Medical legal investigations in the United States (primarily unnatural or suspected unnatural deaths) are carried out by medical examiner or coroner systems. Medical examiners-usually physicians and generally with training in pathology, medicolegal death investigation, and performance of forensic autopsies-generally have greater expertise in unnatural death investigations than do coroners.Objective
To document the locations and implementation year for states and counties that have medical examiner systems that have replaced coroner systems or that are defined in statute and assist coroners in their investigations.Design
Review of published information and national survey in 1997.Setting
County medical examiners and state medical examiners or their administrators.Main Outcome Measures
The location of states and counties with medical examiner systems, the implementation year for each system, and the proportion of counties and population served by medical examiner systems.Results
A total of 79 of 91 county medical examiners responded. A total of 36 states have at least 1 medical examiner system at the county, district, or state level in which there is no coroner involved in the death investigation process. Only 22 states have medical examiner death investigation systems in place and have no coroners in the state. Among 13 states in which some counties have coroner systems and some have medical examiner systems, medical examiner systems exist in 8% of counties and serve 43% of the population. Medical examiner systems that operate without coroner involvement serve about 48% of the population nationwide. Few state or county medical examiner systems have been implemented since 1990.Conclusions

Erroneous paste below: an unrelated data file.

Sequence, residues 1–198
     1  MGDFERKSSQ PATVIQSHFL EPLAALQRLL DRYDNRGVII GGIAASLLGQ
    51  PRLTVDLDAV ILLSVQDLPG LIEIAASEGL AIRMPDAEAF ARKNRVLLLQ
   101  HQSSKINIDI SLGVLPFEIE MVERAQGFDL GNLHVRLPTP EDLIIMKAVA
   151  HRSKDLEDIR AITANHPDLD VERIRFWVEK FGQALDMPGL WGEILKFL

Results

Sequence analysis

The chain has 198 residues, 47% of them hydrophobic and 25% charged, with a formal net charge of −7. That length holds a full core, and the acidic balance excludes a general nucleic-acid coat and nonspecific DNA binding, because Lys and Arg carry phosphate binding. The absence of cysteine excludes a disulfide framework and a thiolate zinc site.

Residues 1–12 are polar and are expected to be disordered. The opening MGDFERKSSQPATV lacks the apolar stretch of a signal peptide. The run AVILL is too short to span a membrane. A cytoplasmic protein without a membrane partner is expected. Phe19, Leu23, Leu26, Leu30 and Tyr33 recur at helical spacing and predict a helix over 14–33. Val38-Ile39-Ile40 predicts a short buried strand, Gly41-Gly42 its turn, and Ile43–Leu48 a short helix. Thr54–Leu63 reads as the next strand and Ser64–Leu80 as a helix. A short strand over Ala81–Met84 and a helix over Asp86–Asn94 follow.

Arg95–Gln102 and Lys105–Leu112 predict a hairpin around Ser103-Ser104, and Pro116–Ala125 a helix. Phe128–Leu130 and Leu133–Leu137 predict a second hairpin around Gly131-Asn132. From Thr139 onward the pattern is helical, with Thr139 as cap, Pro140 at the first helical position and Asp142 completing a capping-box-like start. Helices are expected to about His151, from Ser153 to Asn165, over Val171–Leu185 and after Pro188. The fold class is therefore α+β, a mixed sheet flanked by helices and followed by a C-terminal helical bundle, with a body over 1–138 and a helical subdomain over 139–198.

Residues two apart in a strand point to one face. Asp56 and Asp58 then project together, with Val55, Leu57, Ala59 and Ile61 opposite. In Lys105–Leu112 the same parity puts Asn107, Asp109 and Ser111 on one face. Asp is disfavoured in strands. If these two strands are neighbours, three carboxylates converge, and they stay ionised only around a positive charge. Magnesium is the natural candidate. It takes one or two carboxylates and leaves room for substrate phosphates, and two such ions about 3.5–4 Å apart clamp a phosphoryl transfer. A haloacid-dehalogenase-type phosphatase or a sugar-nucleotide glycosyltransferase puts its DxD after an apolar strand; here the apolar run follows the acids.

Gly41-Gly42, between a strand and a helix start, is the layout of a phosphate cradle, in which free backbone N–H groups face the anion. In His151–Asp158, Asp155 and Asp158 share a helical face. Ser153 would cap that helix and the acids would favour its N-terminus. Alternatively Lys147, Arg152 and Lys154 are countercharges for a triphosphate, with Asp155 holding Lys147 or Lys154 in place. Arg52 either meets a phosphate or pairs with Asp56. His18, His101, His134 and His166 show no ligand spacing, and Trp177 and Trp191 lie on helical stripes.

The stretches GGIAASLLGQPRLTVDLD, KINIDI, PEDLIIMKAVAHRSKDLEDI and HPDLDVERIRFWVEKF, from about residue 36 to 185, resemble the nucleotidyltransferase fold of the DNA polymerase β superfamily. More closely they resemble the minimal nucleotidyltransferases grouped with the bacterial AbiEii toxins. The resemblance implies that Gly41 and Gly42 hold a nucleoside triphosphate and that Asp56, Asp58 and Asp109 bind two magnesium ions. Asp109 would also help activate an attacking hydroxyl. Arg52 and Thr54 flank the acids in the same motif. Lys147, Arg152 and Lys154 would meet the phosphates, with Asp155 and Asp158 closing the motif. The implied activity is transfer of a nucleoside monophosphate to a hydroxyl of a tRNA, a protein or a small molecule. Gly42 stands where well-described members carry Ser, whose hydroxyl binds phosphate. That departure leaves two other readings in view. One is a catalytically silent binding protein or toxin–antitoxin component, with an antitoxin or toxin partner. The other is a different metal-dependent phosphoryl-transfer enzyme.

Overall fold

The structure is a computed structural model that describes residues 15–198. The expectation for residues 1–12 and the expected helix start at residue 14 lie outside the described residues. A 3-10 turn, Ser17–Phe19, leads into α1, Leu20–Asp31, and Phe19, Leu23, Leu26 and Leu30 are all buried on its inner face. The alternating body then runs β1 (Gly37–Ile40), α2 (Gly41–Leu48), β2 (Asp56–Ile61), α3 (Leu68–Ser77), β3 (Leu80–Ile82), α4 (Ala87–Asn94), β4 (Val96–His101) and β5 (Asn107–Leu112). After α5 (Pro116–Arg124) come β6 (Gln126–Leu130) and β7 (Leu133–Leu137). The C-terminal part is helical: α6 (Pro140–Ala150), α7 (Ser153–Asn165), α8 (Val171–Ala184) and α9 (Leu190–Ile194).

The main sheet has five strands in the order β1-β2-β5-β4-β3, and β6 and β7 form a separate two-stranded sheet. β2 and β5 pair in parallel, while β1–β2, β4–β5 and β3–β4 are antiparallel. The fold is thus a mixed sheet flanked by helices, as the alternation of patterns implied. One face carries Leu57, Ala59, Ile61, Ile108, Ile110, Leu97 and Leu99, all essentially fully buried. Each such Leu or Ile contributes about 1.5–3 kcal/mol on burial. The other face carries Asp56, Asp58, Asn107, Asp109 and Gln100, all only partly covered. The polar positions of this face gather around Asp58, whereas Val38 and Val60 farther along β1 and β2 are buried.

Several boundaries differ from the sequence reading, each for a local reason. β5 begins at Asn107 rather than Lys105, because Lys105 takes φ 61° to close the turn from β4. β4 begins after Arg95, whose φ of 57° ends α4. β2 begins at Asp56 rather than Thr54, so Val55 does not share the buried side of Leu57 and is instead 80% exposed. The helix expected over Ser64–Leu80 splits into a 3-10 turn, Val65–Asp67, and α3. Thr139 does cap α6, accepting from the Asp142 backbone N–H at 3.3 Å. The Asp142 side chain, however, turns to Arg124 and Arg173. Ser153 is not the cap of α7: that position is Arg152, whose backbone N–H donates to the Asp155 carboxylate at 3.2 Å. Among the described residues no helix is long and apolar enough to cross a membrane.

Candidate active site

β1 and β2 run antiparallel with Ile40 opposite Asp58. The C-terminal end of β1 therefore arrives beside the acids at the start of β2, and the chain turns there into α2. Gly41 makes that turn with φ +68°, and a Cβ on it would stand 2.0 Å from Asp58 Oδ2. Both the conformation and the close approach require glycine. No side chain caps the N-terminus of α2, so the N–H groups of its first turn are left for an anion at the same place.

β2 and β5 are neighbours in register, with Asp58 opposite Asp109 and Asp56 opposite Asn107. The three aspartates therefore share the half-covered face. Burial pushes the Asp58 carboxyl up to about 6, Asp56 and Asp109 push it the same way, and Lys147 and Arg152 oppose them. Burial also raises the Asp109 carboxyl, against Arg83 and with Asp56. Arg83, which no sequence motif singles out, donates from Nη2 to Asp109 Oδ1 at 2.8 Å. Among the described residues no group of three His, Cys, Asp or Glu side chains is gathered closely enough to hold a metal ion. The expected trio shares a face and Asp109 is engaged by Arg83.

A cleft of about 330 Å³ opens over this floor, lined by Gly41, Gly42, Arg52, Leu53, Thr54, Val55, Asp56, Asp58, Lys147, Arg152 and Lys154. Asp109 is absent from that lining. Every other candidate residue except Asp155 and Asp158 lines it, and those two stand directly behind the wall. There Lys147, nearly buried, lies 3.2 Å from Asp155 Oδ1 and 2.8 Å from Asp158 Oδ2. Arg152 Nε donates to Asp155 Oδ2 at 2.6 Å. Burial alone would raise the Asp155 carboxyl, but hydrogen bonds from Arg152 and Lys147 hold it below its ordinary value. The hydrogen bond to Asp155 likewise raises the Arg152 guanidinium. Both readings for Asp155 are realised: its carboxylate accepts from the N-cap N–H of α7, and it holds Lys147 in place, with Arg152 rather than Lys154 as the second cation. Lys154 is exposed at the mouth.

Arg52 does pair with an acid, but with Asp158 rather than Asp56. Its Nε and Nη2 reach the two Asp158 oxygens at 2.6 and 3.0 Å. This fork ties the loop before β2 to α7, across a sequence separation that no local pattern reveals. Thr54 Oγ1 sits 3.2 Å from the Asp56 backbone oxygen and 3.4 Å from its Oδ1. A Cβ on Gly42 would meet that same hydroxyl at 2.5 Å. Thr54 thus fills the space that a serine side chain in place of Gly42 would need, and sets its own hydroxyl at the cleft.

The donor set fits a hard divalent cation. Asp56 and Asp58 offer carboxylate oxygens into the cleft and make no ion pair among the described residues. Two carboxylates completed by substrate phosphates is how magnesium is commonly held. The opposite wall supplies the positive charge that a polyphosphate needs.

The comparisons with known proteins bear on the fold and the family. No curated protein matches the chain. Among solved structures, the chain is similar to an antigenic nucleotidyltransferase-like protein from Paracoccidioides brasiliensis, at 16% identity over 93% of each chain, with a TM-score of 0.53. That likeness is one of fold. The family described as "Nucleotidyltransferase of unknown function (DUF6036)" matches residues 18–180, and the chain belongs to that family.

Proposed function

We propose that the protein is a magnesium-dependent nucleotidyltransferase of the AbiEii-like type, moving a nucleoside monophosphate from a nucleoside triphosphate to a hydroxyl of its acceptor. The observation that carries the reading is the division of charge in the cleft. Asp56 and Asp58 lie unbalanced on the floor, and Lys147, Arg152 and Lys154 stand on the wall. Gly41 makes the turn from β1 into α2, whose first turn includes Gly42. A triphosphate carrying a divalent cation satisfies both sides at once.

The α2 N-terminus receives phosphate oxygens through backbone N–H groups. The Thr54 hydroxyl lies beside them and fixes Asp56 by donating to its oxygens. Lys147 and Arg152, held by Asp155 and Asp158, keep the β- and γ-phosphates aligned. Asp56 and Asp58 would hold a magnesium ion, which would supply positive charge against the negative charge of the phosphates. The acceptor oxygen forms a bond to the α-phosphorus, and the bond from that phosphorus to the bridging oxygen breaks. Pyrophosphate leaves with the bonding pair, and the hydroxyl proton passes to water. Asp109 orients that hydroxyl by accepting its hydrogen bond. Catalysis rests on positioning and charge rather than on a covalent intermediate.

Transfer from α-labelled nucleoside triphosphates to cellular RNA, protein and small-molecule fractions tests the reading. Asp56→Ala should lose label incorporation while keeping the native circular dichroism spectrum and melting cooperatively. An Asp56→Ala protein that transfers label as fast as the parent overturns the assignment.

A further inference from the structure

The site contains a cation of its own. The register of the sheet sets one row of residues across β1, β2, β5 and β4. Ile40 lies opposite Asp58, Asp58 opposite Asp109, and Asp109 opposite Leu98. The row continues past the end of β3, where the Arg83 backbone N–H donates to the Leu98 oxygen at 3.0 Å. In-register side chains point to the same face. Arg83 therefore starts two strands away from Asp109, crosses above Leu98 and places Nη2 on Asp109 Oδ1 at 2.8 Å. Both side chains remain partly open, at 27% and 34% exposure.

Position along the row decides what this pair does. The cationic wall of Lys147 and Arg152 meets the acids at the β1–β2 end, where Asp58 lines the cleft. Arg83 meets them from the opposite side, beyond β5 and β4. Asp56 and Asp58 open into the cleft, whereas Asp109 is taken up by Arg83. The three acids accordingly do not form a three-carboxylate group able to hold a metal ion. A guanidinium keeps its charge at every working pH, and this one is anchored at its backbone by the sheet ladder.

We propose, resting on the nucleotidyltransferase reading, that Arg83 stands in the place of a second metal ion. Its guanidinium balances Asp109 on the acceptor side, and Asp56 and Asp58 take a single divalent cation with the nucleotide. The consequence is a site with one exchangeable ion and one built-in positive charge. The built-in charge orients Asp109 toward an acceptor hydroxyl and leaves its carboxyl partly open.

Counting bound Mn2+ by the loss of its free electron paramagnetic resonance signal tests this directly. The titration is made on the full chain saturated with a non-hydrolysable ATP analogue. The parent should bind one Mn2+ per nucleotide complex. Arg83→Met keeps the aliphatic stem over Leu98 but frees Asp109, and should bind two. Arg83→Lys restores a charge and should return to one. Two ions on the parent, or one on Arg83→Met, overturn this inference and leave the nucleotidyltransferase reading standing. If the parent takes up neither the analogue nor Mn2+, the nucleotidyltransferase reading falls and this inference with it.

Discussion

In this century, medical examiner systems have gradually replaced coroner systems, but such change has slowed in recent years, with medical examiner systems now serving about 48% of the national population.